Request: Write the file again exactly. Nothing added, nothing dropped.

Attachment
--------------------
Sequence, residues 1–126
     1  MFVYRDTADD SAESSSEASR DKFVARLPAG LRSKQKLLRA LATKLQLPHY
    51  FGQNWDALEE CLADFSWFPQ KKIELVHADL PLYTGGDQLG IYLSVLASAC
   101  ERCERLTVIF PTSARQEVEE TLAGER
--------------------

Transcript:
Sequence, residues 1–126
     1  MFVYRDTADD SAESSSEASR DKFVARLPAG LRSKQKLLRA LATKLQLPHY
    51  FGQNWDALEE CLADFSWFPQ KKIELVHADL PLYTGGDQLG IYLSVLASAC
   101  ERCERLTVIF PTSARQEVEE TLAGER